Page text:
ABSTRACT: S-nitrosylation, the coupling of a nitric oxide moiety to a reactive cysteine residue to form an S-nitrosothiol (SNO), is an important posttranslational mechanism for regulating protein activity. Growing evidence indicates that hyper-S-nitrosylation may contribute to cellular dysfunction associated with various human diseases. It is also increasingly appreciated that thioredoxin and thioredoxin reductase play significant roles in the cellular catabolism of SNO and protection from nitrosative stress. Here, we investigated the SNO reductase activity and protective effects of thioredoxin-mimetic peptides (TXMs), Ac-Cys-Pro-Cys-amide (CB3) and Ac-Cys-Gly-Pro-Cys-amide (CB4), both under cell-free conditions and in nitrosatively stressed cultured cells. In vitro biochemical analyses revealed that the TXM peptides reduced small-molecule SNO compounds, such as S-nitrosoglutathione (GSNO), and acted as general and efficient protein-denitrosylating agents. In particular, CB3 was found to be a highly potent SNO-metabolizing agent. Notably, CB3 mimicked the activity of thioredoxin by coupling with thioredoxin reductase to enhance GSNO reduction. Moreover, in a cell-free lysate system, both CB3 and CB4 synergized with an NADPH-dependent activity to denitrosylate proteins. Further investigation revealed that the TXM peptides protect the peroxiredoxin-thioredoxin system from SNO-dependent inhibition. Indeed, SNO-inhibited Prx1 was efficiently denitrosylated and reactivated by CB3 or CB4. In addition, CB3 protected thioredoxin reductase from SNO-mediated inactivation both in vitro and in intact cells. Finally, CB3 and CB4 partially rescued human neuroblastoma SH-SY5Y cells and rat insulinoma INS-1 832/13 cells from GSNO-induced growth inhibition. Collectively, the present findings indicate the efficient denitrosylation activity and protective effects of TXM peptides and suggest their potential therapeutic value in treating pathological conditions related to nitrosative stress.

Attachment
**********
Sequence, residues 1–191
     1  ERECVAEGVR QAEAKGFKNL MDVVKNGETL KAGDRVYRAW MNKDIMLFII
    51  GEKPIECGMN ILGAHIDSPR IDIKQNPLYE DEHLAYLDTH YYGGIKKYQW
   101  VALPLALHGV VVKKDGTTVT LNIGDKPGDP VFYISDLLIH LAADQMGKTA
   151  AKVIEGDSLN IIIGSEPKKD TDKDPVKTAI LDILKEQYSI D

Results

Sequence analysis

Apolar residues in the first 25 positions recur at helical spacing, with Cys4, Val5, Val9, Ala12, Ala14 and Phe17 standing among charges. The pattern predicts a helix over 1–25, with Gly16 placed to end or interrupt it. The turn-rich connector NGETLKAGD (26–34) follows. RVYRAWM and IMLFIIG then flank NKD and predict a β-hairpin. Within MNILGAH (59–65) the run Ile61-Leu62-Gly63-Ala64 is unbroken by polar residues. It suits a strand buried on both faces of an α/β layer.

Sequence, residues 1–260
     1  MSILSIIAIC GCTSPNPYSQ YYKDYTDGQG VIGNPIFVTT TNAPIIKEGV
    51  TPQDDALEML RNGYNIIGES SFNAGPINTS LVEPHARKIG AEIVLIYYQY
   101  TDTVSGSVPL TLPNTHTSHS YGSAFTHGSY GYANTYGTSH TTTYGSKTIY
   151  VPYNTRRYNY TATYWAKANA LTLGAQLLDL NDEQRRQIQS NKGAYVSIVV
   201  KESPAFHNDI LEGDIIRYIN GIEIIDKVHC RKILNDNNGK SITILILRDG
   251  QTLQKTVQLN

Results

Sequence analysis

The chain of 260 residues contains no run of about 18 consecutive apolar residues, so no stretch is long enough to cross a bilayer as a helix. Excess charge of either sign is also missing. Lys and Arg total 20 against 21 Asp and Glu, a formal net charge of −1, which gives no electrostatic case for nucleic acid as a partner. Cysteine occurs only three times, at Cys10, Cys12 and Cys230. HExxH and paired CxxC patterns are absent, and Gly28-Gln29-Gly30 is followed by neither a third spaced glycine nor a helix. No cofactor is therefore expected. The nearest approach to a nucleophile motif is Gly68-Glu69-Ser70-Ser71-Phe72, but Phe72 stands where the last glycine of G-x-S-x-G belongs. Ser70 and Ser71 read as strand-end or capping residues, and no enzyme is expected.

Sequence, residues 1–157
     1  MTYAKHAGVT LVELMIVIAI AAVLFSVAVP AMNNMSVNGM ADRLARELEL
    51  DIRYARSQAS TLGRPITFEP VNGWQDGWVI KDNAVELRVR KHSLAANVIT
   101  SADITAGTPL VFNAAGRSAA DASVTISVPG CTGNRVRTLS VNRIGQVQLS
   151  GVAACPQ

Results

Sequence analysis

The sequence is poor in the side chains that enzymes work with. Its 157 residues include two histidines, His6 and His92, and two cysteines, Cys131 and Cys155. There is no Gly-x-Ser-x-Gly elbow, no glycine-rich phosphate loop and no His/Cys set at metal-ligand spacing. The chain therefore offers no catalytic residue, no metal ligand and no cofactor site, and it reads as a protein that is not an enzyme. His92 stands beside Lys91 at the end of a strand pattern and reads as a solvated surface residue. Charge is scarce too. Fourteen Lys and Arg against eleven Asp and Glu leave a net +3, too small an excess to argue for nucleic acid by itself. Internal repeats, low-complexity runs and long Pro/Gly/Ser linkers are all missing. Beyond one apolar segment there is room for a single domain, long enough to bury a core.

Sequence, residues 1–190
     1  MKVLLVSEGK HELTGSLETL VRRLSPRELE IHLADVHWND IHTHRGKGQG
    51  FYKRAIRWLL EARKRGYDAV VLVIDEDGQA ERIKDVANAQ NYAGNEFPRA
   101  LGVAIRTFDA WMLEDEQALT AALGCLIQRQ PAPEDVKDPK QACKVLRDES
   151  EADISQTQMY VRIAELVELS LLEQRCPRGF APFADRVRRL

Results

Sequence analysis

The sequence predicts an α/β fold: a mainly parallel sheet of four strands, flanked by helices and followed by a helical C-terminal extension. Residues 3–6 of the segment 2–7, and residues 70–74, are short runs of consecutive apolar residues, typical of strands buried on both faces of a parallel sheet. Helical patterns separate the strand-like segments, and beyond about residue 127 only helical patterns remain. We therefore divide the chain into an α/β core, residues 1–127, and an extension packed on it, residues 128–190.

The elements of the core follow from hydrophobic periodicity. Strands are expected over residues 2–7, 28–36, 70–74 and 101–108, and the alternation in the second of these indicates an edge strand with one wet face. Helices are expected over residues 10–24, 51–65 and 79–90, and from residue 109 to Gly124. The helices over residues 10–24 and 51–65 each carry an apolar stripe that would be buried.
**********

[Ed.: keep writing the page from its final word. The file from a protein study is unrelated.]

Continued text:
Free Radical Biology and Medicine 12/2014; 79. DOI:10.1016/j.freeradbiomed.2014.11.021 · 5.71 Impact Factor
  • Source
    [Show abstract] [Hide abstract]
    ABSTRACT: The role of nitric oxide (NO) as a major regulator of plant physiological functions has become increasingly evident. To further improve our understanding of its role, within the last few years plant biologists have begun to embrace the exciting opportunity of investigating protein S-nitrosylation, a major reversible NO-dependent post-translational modification (PTM) targeting specific Cys residues and widely studied in animals. Thanks to the development of dedicated proteomic approaches, in particular the use of the Biotin Switch Technique (BST) combined with mass spectrometry, hundreds of plant protein candidates for S-nitrosylation have been identified. Functional studies focused on specific proteins provided preliminary comprehensive views of how this PTM impacts the structure and function of proteins and, more generally, of how NO might regulate biological plant processes. The aim of this review is to detail the basic principle of protein S-nitrosylation, to provide information on the biochemical and structural features of the S-nitrosylation sites and to describe the proteomic strategies adopted to investigate this PTM in plants. Limits of the current approaches and tomorrow's challenges are also discussed.
    Frontiers in Chemistry 12/2014; 2. DOI:10.3389/fchem.2014.00114

Full-text

Download
91 Downloads
Available from
Jun 2, 2014